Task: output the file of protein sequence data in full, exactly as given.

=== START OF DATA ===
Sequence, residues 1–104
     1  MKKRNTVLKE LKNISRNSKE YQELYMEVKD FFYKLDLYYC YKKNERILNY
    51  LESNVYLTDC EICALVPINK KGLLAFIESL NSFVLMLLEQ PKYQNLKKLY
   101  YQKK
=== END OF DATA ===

Sequence, residues 1–104
     1  MKKRNTVLKE LKNISRNSKE YQELYMEVKD FFYKLDLYYC YKKNERILNY
    51  LESNVYLTDC EICALVPINK KGLLAFIESL NSFVLMLLEQ PKYQNLKKLY
   101  YQKK